2d
comment How to draw Feynman diagram for K^- + p -> Sigma^0 + pi^0 — superposition in diagram
How pi0 is treated here teachers.web.cern.ch/teachers/archiv/HST2002/feynman/…
2d
comment How to draw Feynman diagram for K^- + p -> Sigma^0 + pi^0 — superposition in diagram
The Feynman diagram site of CERN may help, here is a K+p diagram to K0 delta++ teachers.web.cern.ch/teachers/archiv/HST2002/feynman/… the list at teachers.web.cern.ch/teachers/archiv/HST2002/feynman/… . You do not have to have both sets for the pi0 because the vertex with the strange quark should guide which of the two it is.
2d
comment Why is there no current flow when i connect two opposite terminals of two separate batteries
@justin I do not understand you question. The whole point of an electrolyte that can deposit on coppe and dissolve from zink is the carrying of charge as seen in the diagram. This cannot happen with water. Bye Bye
May
2
comment Why is there no current flow when i connect two opposite terminals of two separate batteries
@justin I am sorry, no, although I can guess since copper containers were popular before stainless steel that not much copper is dissolved in water.
May
1
comment Why build so big sarcophagus in Chernobyl instead another alternative?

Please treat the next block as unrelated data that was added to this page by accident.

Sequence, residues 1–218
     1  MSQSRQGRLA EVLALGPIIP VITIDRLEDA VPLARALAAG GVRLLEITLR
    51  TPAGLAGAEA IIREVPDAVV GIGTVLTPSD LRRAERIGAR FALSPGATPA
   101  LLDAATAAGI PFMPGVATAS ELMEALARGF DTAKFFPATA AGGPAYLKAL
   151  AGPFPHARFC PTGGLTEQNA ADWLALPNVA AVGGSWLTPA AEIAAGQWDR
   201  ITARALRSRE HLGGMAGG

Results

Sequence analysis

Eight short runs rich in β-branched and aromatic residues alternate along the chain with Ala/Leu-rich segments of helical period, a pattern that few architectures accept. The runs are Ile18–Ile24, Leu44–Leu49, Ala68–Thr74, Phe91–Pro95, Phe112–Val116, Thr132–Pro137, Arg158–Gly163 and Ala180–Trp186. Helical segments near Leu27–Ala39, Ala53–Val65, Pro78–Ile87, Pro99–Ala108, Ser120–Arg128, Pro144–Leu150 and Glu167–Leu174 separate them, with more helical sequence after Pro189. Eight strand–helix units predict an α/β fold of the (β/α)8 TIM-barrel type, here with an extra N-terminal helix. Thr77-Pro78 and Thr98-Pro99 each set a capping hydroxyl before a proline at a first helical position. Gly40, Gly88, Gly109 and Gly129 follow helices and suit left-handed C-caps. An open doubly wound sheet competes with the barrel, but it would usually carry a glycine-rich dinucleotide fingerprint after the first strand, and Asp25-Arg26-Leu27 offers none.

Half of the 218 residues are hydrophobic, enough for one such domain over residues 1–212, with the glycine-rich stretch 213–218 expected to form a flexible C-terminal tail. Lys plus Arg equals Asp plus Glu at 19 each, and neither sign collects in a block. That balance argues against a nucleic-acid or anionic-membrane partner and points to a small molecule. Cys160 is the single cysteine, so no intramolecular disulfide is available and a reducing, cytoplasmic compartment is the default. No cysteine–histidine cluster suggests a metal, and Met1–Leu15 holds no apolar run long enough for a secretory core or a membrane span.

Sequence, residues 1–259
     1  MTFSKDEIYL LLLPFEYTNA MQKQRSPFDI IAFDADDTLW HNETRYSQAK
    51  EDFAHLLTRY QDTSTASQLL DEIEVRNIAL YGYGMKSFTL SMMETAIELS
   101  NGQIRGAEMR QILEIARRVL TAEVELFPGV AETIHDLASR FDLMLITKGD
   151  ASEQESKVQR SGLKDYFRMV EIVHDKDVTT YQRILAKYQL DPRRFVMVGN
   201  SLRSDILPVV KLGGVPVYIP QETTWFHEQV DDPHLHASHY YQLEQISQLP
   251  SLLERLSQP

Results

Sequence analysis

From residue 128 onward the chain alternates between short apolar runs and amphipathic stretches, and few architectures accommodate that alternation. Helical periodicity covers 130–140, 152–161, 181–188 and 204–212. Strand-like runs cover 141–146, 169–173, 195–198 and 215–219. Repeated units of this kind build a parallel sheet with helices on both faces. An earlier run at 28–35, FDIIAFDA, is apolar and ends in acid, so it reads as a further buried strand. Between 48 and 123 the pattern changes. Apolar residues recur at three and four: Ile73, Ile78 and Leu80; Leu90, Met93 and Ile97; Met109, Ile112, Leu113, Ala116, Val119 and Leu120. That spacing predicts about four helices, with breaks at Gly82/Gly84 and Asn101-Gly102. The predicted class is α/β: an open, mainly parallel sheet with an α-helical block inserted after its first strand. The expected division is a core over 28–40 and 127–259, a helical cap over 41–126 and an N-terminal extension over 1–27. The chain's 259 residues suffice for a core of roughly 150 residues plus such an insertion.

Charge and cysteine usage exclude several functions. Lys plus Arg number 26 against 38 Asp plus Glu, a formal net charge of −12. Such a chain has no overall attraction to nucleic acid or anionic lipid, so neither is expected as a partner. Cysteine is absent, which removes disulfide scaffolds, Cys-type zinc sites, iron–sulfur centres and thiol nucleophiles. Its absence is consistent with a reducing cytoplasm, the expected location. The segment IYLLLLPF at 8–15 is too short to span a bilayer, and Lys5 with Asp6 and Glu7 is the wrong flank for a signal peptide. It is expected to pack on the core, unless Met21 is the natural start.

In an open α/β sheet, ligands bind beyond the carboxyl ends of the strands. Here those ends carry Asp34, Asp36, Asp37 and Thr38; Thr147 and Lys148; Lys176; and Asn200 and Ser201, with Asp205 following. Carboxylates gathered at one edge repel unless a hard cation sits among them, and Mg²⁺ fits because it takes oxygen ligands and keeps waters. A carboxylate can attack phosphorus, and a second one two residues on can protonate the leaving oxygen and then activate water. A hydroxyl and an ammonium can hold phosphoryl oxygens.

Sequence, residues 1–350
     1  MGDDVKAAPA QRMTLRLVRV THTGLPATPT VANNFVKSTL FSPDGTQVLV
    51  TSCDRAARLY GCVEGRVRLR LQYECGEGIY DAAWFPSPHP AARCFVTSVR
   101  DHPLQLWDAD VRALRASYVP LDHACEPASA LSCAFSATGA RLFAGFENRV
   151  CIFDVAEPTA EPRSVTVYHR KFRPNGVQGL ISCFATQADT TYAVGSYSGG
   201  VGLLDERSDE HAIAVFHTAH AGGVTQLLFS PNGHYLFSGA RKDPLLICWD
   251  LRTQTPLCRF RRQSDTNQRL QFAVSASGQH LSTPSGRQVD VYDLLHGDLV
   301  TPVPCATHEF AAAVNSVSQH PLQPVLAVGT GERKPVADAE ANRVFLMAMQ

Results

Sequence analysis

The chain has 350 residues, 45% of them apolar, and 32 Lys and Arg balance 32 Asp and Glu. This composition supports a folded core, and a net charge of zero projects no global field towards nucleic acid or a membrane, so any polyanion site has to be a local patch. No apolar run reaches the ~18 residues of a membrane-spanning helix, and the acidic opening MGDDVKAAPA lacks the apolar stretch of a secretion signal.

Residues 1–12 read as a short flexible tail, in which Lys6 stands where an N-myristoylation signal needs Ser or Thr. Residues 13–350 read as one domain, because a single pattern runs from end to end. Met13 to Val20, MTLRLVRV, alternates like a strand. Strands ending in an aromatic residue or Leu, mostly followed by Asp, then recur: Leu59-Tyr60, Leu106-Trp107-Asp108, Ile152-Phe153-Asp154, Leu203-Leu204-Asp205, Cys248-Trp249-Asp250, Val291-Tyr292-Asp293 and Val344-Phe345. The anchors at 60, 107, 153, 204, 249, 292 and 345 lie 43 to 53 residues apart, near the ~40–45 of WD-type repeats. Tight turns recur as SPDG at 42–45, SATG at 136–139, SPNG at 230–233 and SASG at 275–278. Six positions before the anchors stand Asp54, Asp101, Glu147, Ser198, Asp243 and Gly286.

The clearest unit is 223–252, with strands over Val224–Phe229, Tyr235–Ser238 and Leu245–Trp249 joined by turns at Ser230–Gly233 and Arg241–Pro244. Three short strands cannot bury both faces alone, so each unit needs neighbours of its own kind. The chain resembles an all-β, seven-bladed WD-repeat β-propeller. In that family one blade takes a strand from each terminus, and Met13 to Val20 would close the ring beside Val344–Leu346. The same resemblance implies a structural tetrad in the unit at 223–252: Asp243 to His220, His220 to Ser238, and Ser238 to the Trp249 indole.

according to this en.wikipedia.org/wiki/Chernobyl_New_Safe_Confinement the old sarcophagus is unstable, the whole thing is still highly radioactive and has to be contained in order not to spread to the environment . The goals: en.wikipedia.org/wiki/… include eventual demolition.
May
1
comment What do the batteries actually do to the electrons?
I think it is a descriptive point of what the mathematics would be if one wanted to model the effect.
May
1
comment What do the batteries actually do to the electrons?
have a look at hyperphysics.phy-astr.gsu.edu/hbase/electric/miccur.html
May
1
comment Mathematical treatment of electron double slit experiment
Have you derived the above equation from Maxwells equations simply? equivalently there will be a derivation but I do not know if somebody has gone to the trouble since it needs QED, not Schrodinger. Since the de Broglie relation has been verified everybody uses the optics equations. Possibly designers of electron microscopes may have gone the full road.
May
1
comment Mathematical treatment of electron double slit experiment
You have to use the wavefunction for the set up "electron scattering off a single slit", not the wavefunction of the free electron. On an individual electron scatter the fields of the molecules on the side of the slits provide the scattering target and the boundary conditions. "transmission function" is a shorthand of this and the equivalent to the optics exists for electrons also. sciencedirect.com/science/article/pii/036820489185032O
May
1
comment Mathematical treatment of electron double slit experiment
It is the same as with photons taking the wavelength from the de Broglie relationship. single slit electron does have a diffraction . why do you say it does not? aeroja.blogspot.gr/2011/02/… for a calculation guide